On this last point, the IOTA developers have made a creative argument, not included in the white paper, that bandwidth limitations and network topology actually improve the security of the network. I haven’t found an official statement of it anywhere, but after some digging I stumbled upon this Slack conversation, which is the most complete defense I could find.
Essentially, one of the IOTA developers (specifically Come-from-Beyond, a.k.a. Sergey Ivancheglo, possibly a.k.a. BCNext, also one of the original creators of Nxt), argues that the IOTA network will consist of IoT devices peered exclusively with their nearest neighbors in a meshnet topology, and that an attacker will not even have the option of peering with more than a very small number of devices on each such mesh. That is, the vast majority of devices will not be accessible from the internet or some other “backbone” of the network, and the only way to send messages to them will be through the mesh of other devices.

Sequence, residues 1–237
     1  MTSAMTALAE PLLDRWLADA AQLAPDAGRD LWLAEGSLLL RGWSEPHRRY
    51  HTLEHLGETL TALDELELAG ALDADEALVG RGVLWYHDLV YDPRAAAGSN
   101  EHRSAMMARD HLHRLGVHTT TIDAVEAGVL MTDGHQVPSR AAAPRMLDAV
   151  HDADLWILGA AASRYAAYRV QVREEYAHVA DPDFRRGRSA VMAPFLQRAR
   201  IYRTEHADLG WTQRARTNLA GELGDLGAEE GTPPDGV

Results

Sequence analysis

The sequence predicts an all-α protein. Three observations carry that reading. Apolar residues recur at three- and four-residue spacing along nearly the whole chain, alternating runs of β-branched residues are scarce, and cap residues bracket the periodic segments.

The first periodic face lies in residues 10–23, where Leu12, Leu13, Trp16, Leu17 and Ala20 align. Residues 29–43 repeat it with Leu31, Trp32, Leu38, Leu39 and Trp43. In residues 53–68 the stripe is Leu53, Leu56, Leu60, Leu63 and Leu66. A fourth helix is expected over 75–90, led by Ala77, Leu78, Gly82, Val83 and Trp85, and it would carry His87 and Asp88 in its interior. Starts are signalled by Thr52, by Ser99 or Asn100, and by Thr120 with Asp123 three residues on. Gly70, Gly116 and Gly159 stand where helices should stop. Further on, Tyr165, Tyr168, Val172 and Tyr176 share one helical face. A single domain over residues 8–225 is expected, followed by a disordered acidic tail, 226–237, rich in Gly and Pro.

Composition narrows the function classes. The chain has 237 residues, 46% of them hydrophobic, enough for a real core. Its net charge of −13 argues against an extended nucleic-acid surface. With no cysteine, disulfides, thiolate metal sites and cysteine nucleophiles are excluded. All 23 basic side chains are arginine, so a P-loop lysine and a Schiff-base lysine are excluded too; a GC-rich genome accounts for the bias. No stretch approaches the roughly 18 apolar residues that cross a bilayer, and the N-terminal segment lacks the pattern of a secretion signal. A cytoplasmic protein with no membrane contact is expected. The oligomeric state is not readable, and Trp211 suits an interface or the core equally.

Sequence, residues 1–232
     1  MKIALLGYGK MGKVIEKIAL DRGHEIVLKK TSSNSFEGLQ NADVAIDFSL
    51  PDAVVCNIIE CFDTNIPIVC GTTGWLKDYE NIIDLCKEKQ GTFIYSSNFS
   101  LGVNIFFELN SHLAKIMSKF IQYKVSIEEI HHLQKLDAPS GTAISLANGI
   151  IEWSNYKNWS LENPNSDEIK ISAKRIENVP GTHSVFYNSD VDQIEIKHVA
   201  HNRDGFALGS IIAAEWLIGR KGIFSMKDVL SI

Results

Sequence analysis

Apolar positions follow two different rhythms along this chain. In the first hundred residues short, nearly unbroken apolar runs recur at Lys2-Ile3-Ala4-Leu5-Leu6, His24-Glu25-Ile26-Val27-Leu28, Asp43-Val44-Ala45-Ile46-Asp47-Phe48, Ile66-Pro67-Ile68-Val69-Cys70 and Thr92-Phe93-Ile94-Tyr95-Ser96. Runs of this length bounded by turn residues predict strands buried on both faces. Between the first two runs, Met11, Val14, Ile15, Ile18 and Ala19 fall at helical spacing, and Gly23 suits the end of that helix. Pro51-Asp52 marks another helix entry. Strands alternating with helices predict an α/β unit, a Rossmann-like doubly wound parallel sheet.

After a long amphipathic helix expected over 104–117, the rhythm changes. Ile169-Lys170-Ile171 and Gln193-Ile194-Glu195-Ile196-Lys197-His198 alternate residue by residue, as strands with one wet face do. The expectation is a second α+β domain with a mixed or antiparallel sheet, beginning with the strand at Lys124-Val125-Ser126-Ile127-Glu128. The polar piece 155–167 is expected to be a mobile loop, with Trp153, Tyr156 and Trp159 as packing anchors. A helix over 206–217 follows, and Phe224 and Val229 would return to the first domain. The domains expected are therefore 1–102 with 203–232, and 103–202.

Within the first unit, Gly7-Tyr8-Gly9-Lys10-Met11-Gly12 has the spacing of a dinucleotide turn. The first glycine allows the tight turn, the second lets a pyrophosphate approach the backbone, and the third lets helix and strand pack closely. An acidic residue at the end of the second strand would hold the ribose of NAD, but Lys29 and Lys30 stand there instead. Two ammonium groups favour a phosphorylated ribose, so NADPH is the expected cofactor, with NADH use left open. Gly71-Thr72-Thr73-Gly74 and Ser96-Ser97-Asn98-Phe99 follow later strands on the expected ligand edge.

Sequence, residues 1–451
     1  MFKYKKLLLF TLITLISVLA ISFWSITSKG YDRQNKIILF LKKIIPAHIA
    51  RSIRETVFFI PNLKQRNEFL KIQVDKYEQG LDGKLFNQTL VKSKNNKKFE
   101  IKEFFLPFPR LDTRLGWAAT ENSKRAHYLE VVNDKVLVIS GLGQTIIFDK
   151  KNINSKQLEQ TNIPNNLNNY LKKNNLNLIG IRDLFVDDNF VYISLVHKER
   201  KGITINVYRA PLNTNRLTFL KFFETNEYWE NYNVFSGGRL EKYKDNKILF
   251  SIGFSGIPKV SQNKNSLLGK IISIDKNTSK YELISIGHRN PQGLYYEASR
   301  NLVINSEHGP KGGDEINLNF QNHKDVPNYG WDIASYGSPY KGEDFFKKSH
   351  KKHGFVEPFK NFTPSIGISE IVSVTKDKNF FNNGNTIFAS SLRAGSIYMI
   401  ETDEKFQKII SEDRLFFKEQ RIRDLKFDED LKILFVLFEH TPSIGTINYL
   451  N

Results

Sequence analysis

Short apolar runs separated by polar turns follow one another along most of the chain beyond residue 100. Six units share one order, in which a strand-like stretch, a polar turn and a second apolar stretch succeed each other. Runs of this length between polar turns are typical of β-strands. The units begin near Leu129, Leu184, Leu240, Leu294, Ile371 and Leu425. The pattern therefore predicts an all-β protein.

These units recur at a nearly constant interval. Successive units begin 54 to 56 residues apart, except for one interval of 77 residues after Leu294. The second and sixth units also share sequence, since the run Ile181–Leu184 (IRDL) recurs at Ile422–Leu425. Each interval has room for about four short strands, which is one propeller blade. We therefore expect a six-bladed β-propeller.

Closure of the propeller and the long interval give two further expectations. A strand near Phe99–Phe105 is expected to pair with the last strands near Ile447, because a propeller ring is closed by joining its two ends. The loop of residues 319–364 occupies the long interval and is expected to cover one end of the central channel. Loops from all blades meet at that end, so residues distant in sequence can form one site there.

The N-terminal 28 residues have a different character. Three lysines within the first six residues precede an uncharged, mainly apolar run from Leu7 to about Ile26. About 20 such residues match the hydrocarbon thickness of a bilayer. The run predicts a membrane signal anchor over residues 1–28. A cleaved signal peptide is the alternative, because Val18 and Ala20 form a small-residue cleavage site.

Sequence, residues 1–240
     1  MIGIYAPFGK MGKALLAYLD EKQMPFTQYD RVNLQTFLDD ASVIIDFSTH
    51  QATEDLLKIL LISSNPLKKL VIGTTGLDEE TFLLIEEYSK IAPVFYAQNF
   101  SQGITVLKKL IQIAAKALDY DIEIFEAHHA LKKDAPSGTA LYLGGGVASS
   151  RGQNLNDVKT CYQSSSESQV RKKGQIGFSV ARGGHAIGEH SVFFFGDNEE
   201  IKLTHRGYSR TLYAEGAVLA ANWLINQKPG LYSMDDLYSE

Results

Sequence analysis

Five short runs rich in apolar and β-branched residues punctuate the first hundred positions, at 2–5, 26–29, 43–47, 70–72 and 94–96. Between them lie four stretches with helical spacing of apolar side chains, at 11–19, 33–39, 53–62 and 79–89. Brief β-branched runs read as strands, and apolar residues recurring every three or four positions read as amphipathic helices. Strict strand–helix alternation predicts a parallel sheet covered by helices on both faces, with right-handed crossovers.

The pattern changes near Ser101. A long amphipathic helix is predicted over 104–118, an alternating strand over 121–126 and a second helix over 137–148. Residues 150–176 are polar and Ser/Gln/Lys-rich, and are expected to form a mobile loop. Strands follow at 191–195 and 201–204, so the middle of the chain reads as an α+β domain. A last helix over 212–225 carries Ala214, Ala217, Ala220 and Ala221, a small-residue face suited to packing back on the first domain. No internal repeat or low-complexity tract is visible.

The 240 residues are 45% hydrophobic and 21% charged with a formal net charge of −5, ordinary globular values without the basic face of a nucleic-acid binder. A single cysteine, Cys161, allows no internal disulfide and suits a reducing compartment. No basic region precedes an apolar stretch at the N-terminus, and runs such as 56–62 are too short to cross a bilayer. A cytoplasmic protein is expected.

The general idea is that the mesh as a whole will be capable of achieving a high throughput, but each individual link in the mesh has a low enough bandwidth that an attacker would easily saturate it by trying to add enough transactions to convince the network to follow his parasitic subtangle. Since the attacker only has a few entry points into the mesh, he saturates all of them before his parasitic tangle accumulates enough weight for his attack to succeed.
I’ll let you draw your own conclusions about this argument. I personally don’t think the IOTA team has made enough details public to thoroughly evaluate it.
Speaking of bandwidth limitations, let’s talk about scaling.
Because each node must validate two other transactions before submitting its own transaction, the IOTA team likes to point out that spam actually tends to make the network more efficient. Other members of the IOTA community get carried away with this point, sometimes even making the absurd claim that IOTA is “infinitely scalable.”